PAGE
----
Hepatitis B virus infection and risk of intrahepatic cholangiocarcinoma and non-Hodgkin lymphoma: A cohort study of parous women in Taiwan


  • Supported by a grant from the Department of Health, Executive Yuan, Taiwan. The funding source had no role in study design, data analysis, data interpretation, or writing of the report.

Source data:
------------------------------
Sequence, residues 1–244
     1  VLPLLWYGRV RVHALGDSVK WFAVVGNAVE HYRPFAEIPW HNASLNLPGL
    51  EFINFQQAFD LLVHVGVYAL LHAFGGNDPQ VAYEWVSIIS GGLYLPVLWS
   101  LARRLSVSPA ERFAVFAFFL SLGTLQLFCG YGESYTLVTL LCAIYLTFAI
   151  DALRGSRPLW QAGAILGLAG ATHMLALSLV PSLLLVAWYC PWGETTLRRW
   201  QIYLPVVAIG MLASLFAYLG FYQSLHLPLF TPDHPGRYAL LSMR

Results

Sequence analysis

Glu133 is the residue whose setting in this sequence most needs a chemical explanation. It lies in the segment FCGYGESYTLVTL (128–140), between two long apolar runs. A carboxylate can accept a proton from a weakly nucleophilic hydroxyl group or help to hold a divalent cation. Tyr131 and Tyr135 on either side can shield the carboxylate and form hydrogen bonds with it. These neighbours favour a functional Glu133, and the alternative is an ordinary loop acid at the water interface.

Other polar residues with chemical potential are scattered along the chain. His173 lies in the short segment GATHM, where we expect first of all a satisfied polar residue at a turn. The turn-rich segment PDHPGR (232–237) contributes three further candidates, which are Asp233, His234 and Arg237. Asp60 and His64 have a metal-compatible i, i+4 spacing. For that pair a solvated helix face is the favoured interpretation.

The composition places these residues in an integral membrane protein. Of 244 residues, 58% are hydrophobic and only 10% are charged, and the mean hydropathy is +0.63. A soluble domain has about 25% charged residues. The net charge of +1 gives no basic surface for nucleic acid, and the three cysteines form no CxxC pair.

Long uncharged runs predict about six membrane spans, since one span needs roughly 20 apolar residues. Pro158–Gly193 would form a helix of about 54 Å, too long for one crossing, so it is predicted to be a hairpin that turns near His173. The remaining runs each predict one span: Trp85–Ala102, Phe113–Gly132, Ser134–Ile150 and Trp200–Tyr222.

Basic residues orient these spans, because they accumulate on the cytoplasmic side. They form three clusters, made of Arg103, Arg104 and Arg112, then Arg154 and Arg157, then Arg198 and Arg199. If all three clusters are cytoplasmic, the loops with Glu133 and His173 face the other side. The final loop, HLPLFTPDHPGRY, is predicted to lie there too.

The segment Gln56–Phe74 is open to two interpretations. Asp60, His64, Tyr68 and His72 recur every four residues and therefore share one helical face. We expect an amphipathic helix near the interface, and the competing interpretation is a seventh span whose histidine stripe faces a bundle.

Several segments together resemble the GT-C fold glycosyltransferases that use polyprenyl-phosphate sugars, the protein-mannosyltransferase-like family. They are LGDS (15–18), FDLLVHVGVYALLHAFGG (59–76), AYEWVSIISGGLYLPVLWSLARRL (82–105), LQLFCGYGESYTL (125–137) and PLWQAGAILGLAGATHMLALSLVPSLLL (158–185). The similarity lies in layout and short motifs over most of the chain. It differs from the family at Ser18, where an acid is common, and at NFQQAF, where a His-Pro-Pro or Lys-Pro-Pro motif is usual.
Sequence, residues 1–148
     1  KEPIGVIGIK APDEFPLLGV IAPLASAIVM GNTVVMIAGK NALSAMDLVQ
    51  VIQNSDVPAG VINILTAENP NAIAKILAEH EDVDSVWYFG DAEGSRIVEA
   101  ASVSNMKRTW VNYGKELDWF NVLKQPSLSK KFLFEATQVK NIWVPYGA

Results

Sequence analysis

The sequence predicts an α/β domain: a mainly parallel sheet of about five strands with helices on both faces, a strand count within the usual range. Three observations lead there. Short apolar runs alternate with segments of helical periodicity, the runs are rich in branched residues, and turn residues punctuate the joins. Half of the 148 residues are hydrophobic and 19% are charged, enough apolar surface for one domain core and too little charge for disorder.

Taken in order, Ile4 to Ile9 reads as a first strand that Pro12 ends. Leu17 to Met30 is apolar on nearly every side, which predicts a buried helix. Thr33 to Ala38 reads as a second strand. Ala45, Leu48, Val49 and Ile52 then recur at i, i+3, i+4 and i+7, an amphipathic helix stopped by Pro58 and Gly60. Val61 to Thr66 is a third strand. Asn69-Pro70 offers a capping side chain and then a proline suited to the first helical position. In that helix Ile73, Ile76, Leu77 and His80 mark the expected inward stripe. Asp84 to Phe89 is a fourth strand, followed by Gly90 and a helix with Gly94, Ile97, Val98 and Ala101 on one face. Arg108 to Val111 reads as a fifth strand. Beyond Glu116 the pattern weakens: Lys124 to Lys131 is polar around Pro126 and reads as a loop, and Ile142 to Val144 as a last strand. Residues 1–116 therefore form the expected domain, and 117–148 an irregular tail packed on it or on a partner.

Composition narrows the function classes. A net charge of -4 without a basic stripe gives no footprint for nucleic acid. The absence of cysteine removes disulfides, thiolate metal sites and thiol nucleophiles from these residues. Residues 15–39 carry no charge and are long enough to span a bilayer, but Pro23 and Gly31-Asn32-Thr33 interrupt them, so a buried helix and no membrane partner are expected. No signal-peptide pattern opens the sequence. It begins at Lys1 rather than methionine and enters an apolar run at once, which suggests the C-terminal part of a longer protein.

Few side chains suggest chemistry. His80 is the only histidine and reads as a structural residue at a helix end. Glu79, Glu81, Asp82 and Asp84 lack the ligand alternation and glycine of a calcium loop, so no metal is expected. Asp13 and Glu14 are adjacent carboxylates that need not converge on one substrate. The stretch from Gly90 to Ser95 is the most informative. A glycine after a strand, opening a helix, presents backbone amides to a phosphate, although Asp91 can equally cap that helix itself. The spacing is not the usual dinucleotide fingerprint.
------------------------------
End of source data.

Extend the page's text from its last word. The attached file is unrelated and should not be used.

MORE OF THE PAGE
Few studies have evaluated the risk of cancers other than hepatocellular carcinoma associated with hepatitis B virus (HBV) infection. This study aimed to estimate incidence rates of intrahepatic cholangiocarcinoma (ICC) and non-Hodgkin lymphoma (NHL) and its major subtypes in a nationwide cohort of parous women and to assess their associations with chronic HBV infection. We conducted a cohort study including 1,782,401 pregnant Taiwanese women whose HBV serostatus was obtained from the National Hepatitis B Vaccination Registry. Newly diagnosed ICCs and NHLs were ascertained through data linkage with the National Cancer Registry. Risks of ICC and NHL were assessed using Cox proportional hazards regression models. After a mean of 6.91 years of follow-up, there were 18 cases of ICC and 192 cases of NHL, including 99 cases of diffuse large B-cell lymphoma (DLBCL). Incidence rates of ICC were 0.09 and 0.43 per 100,000 person-years, respectively, among women who were hepatitis B surface antigen (HBsAg)-seronegative and HBsAg-seropositive, showing an age-adjusted hazard ratio (HRadj) (95% confidence interval [CI]) of 4.80 (1.88-12.20). The incidence rates of NHL overall for HBsAg-seronegative and HBsAg-seropositive women were 1.23 and 3.18 per 100,000 person-years, respectively, with an HRadj (95% CI) of 2.63 (1.95-3.54). Among NHL subtypes, HBsAg-seropositive women had an increased risk of DLBCL compared with those who were HBsAg-seronegative (incidence rates: 1.81 and 0.60 per 100,000 person-years, respectively; HRadj [95% CI]: 3.09 [2.06-4.64]). The significantly increased risk was not observed for other specific subtypes of NHL. Conclusions: Chronic HBV infection was associated with an increased risk of ICC and DLBCL in women. Our data suggested a possible etiological role of HBV in the development of ICC and specific subtypes of NHL. (HEPATOLOGY 2011;)